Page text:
Me: Marathons have always been about completion. The simple fact that the body can handle about 20 miles before it really starts to break down its stores of glycogen makes those extra 6.2 miles the reason a marathon, no matter how many times you run it, will always be about completion. Sure, the times have slowed over the past twenty years as more and more people who wouldn't think of stepping out the door to run now jump right into the marathon. There are definitely pros and cons about that which I openly talk about with anyone who wants to hear.  However, if you are going to label yourself a "go big or go home gal", lord do I hope you never run a slowish race. Because, since this is the internet, people will find your time and will mock you.

J:  "2.) THE ME-ME-ME SHOW: Just like that pesky friend who’s always announcing her new-found pescatarianism (minus oil, minus dairy, plus chia), the hobby marathoner just rubs me the wrong way! From her Facebook posts about the amazing sights she sees on her long run, to the adoption of idiosyncratic lingo, to the epic race-day dramas (fueling stations! strains!): call me a scrooge, but all that attention just cramps my running style."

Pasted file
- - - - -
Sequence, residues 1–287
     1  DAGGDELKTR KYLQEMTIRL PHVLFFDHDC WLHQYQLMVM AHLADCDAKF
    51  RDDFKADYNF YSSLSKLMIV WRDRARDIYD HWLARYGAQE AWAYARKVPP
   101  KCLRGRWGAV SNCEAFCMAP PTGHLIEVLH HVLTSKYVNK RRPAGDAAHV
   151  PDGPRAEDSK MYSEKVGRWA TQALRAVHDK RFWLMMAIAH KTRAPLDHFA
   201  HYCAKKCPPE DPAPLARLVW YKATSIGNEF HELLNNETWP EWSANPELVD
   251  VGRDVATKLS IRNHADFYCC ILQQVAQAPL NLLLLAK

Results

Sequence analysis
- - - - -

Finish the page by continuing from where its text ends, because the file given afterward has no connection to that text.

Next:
Me: Again, you make some valid points. I talk about slowing your roll with the use of "epic" and its ilk myself. But if those people bother you with their Facebook posts, remove them. I do it all the time. However, it is their Facebook wall, no matter how annoying they may be. And again, seriously, watch it with the hobby thing or my goodness if you aren't running 17 minute 5Ks, there is a shitstorm a-brewin'.

J:  "3.) NOTHING TO PROVE: Eight years ago, though, I had a different idea. I’ve always been a distance runner, so one summer I toyed with the idea of training. Slowly, slowly, I upped my six miles to seven to eight to nine to ten; for a couple weeks, I ran a comfortable fourteen. And then, it hit me.